I haven’t owned a watch since the faux-department store Bradley’s went out of business at the end of elementary school. Back then, kids’ sport watches were cool in the same way that the Tiger Electronics Paperboy handheld was cool. Objects so beautiful in part because of all their colorful plastic and limited utility.
I don’t recall ever really checking my watch to see what time it was. More likely I turned it over in my hand to play with the neon yellow and green synthetics that banded it to my wrist, or tested it with friends at the swim club to see if it really was waterproof, or to officiate all manner of competitions using the stop-watch function. I can still remember the first time I upgraded to a watch that could do more than just tell me the time. Watching the digital numbers flip by in the hundredths column kind of blew my mind at the time–opened it up to a whole realm of numerical possibilities.
Once I stopped going to the swim club, or racing friends down the block, or generally playing outside, I pretty much just stopped thinking about watches. My grandfather had a gold watch, I think. Or at least it looked gold. And he gave my older brother a gold watch for one of his birthdays, or at least it looked gold. That was the first and only time I ever coveted a wristwatch. It seemed very sophisticated, as if putting that much money, thought, and effort into something as complex and boring as a wristwatch was an essential signifier of adulthood.
My grandpa liked to work on watches, or so that’s what I’ve been told. I never saw him working on them, though the detritus of his alleged hobby remains strewn about odd corners of my grandmother’s basement, long after he was put into the ground.
When wristwatches first became a thing, they were apparently worn almost exclusively by women. It wasn’t until they were put to use synchronizing war maneuvers that they were adopted by men as well. And though I have no real evidence to back it up, my assumption is that the ease and constancy of having the timepiece fixed to a limb rather than dangling from a strap or hidden in a pocket is what made it better for coordinating the slaughter of men by other men.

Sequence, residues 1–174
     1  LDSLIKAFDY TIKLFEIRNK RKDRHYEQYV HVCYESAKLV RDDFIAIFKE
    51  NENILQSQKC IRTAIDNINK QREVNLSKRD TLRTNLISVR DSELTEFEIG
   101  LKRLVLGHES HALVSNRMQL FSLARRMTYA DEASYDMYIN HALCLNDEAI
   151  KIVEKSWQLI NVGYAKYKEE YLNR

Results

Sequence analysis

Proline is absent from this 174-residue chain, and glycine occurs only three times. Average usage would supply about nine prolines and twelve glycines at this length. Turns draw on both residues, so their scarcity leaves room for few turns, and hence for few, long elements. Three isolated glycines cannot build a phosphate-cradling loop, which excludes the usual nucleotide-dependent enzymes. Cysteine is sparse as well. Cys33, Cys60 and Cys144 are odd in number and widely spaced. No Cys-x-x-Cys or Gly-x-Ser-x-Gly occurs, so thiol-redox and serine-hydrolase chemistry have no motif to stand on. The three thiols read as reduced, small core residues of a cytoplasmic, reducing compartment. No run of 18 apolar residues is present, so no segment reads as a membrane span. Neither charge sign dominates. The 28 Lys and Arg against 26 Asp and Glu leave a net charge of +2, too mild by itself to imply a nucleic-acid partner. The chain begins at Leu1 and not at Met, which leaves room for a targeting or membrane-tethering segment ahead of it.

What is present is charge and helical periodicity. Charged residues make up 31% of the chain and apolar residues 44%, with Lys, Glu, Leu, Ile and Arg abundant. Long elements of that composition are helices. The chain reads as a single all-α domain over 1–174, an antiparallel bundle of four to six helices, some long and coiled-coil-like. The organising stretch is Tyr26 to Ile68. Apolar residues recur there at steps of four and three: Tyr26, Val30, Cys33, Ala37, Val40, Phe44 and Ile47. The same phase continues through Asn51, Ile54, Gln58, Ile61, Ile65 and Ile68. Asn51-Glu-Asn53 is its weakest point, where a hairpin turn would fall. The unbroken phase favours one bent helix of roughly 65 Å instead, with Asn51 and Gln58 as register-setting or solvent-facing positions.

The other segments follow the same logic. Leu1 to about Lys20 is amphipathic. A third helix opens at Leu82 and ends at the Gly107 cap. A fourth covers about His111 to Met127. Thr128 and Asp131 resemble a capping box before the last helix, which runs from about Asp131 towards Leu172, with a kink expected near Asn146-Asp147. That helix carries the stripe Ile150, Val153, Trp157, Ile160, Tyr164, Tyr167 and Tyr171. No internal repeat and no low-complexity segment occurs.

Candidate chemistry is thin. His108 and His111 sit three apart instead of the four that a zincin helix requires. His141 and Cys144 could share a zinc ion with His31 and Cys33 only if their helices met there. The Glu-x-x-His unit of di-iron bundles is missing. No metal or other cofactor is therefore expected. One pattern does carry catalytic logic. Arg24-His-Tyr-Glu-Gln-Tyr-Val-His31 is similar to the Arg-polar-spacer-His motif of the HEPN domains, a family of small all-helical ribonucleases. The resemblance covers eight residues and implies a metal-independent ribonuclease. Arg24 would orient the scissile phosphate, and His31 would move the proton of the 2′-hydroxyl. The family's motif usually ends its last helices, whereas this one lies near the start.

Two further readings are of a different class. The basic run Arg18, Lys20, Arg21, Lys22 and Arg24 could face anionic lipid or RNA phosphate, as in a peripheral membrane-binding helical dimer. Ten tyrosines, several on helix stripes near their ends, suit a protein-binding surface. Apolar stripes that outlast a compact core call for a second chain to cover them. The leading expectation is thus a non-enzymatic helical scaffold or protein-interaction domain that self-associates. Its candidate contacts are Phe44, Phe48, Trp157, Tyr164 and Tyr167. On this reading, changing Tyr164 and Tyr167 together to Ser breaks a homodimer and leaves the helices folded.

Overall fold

And this remains one of the only advantages of the wristwatch over a smartphone. Apart from being a more acceptable form of conspicuous consumption and wealth signaling (phones now pretty much all look alike), the wristwatch is ever present in the way a small brick window never could be. As some Apple dude said, “It’s not just with you, it’s on you.”
What I like about my phone is how it lets me manage distraction and communication. I prefer texts, tweets, and email because I can enter and leave conversations at my leisure. It’s hard for me to imagine living in a time where you actually had to answer a call to find out who it is and what they wanted. For an introvert like me, caller ID and voicemail is a godsend. This is why I keep my phone on silent. In order to conserve power the screen turns off after scarcely twenty seconds of inactivity. Not to mention half the time it’s in my pocket anyway.
A smartwatch is different. It’s always there, ready to be looked at. And in Apple’s case, bombarding you with personal data and reminders. It will tell you when to stand up and move around after you’ve been typing too long at a desk, like I’ve been doing for the past two hours. It’ll also monitor all kinds of biological feedback, guessing at, analyzing, and no doubt critiquing all the ways in which you slowly degrade your body over days, and weeks, and years.
So the benefit of the smartwatch is also its draw back. It’s ever present, but it’s also ever present. Just like the Internet, that thing we love to hate and hate to love (well, some of us anyway). And like the Internet (that is, the Internet as it’s popularly used and thought of, not the totality of it or the technology from which it’s constituted, but, like, cat gifs and those nauseating Facebook updates from old high school acquaintances), it’s a solution in search of an adequately matched problem. I mean, it lets you DO MORE STUFF (KNOW MORE, FEEL MORE, etc.) which is pretty much the sole motivating force behind everything that’s currently Tech.
But in the end, watches aren’t about more. They’re about less. A reminder of how fast time is going by, and how little we have left until the end: the end of a lunch, the end of the a day, the end of a life. Like most modern Tech, the Apple watch isn’t a solution to how little time is left, but rather a welcome distraction from the anxiety of seeing it ceaselessly tick by. The anti-watch, in a way, whose purpose isn’t so must to tell us the time as to keep on reminding us of all the things we can do with it when we’re not noticing its passage.